Menu
Categories
Though absent long, your Lord is nigh.
Tuesday 4 December 2012 Articles

Sunday saw us celebrate Advent Sunday with an Advent Carol Service of readings and music. Certainly part of our Anglican Patrimony!

Into that service, I carried all I had gained, from our Advent groups: An awareness of God’s expansive, welcoming love and an awareness of my inability to let go in order to let God bring something to birth, in me, this Advent.

As I listened to the readings and music I found myself taken into the story of Israel and Judah as they find themselves heading into exile. They were a people who had lost their way and their faith. The chaos and anarchy, which went hand in hand with them turning their backs on God, had made it easy for enemies to capture their kingdoms. Far away from home, in a strange land the Messianic promise must have mixed with their desire for home.

As I listened I was aware of an almost physical sense of this longing for God to send his Messiah, to reclaim his people and bring them home.

At the end of the liturgical year, only a week ago we had Christ with us, whether in the glory of the Second Coming or in the moment of proclaiming a kingdom in front of Pilate. We could see his humility and his majesty. Now however, we are waiting. He is not yet here.

There is something in Advent that is about absence.It is not an absence like Holy Saturday, where we are rung out after sitting by the Cross and seeing our God die. It is not hollow like the absence of the stone rolled over the entrance to the tomb with its seeming finality. It is an absence that is full of longing, desire and anticipation. It is an absence of being far from home, of feeling the distance between us and the place where God’s presence is. It contains elements of loss and hope in equal measure. It brings about the plea and the excitement that the Messiah will come and rescue us, contained in so many of the hymns we sung on Sunday.

There is a tension in Advent where our waiting and longing meet with hope and the hints of joy. Now we are right at the beginning and the arrival of our King is a long way off. As we live with these tensions and sense of absence, space is made, a road is prepared and soon we will get a glimpse of our King coming towards us, coming to be with us once again. As we sang on Sunday “though absent long, your Lord is nigh.”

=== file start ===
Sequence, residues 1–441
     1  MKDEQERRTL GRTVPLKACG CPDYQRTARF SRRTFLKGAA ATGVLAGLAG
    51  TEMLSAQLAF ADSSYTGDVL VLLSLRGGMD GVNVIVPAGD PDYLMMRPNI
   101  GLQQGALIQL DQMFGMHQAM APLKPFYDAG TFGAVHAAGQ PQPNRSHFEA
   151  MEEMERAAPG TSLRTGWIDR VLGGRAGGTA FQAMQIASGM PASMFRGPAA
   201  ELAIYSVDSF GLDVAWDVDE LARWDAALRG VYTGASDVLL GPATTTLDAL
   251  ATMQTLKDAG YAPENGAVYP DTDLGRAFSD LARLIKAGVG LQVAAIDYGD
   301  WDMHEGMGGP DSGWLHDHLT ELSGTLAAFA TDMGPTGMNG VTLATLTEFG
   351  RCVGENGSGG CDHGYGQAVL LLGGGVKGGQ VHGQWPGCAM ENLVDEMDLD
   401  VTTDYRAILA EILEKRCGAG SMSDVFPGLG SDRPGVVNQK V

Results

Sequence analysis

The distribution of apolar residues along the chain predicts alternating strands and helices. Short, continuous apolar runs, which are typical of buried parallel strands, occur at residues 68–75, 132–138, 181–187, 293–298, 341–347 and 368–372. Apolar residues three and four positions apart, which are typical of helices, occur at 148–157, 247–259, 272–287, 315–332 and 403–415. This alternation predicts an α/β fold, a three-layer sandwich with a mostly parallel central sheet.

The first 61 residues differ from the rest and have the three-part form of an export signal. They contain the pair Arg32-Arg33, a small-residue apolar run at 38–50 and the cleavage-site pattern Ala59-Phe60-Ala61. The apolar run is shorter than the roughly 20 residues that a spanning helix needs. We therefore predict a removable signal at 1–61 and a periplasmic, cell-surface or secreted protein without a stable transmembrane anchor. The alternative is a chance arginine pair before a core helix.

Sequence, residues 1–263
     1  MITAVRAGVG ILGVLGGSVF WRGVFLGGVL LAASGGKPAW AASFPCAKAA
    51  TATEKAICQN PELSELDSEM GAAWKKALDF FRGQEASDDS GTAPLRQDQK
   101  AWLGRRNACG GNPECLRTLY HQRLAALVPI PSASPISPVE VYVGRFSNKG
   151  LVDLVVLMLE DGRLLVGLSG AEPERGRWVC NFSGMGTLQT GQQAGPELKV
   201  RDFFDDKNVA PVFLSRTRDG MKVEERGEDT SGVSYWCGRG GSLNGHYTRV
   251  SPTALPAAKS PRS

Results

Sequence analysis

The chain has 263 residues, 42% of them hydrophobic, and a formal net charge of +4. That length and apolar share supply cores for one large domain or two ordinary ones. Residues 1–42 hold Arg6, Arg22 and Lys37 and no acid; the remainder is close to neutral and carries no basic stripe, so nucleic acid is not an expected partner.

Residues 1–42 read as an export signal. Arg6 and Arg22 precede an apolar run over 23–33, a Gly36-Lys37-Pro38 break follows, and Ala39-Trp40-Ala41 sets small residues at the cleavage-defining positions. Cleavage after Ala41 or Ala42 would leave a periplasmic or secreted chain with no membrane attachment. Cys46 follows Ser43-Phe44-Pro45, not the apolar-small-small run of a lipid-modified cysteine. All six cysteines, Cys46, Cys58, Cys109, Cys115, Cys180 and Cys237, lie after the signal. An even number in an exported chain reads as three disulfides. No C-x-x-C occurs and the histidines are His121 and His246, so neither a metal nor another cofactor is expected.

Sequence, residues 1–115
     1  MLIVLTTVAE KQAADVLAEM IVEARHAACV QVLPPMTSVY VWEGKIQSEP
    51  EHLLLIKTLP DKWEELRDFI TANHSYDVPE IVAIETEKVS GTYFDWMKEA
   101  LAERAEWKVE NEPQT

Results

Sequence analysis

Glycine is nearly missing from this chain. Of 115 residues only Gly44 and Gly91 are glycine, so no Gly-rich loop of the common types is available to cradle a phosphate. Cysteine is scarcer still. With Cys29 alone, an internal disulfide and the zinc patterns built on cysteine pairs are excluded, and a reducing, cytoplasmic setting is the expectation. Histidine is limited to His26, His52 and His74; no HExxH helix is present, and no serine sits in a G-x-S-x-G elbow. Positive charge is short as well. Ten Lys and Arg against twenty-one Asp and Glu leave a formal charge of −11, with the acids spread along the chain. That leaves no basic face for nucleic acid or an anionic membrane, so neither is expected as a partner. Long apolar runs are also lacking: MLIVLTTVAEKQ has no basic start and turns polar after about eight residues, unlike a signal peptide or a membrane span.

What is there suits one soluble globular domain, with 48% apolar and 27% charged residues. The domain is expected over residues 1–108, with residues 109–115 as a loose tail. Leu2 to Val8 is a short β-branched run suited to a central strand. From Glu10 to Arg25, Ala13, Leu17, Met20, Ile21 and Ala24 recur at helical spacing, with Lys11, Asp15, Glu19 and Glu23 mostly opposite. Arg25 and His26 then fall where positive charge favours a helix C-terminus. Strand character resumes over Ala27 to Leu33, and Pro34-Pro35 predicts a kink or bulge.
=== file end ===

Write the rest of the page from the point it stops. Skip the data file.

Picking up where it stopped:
Comments are closed
 
  • Clergy

    Fr Neil Chatfield
    Email using the form · 07718 123304 · SMS

    Postal address for the clergy
    PO Box 3223, Eastbourne BN21 9RS

  • RSS Today

    • Fri 23 July
      Saint Bridget of Sweden, Patroness of Europe
  • Universalis:
    Church of England: Not available for this time of day

    Liturgy in a Time of Crisis · Video
  • Services and events this week

    July 2021

    Friday 23 July

    S Bridget of Sweden Rel

    Saturday 24 July

    S Sharbel Maklūf Pr

    Sunday 25 July

    Trinity VIII
    4:00 pm – 5:00 pm
    Mass
    Christ the King Church, Langney

    The bishops’ conference mandates a second collection today for “Day for Life“, the day in the Church’s year dedicated to raising awareness about the meaning and value of human life at every stage and in every condition.

    Monday 26 July

    SS Joachim & Anne, Parents of Our Lady

    Thursday 29 July

    SS Martha, Mary & Lazarus
    7:00 pm – 8:00 pm
    Mass
    Christ the King Church, Langney

    Also streamed on our Facebook page, https://www.facebook.com/eastbourneordinariate

    Friday 30 July

    S Peter Chrysologus BD
  • Login

  • Location

    Tap the map for directions

    Christ the King Church, Princes Road, Langney
    Christ the King Langney

  • Personal Ordinariate of Our Lady of Walsingham

    The Ordinariate of Our Lady of Walsingham is a part of the Catholic Bishops' Conference of England & Wales
    The Ordinariate of Our Lady of Walsingham is a registered charity, number 1141536 | Safeguarding
    Content © Eastbourne Ordinariate Mission | Image OLW by Thorvaldsson | Powered by WordPress
*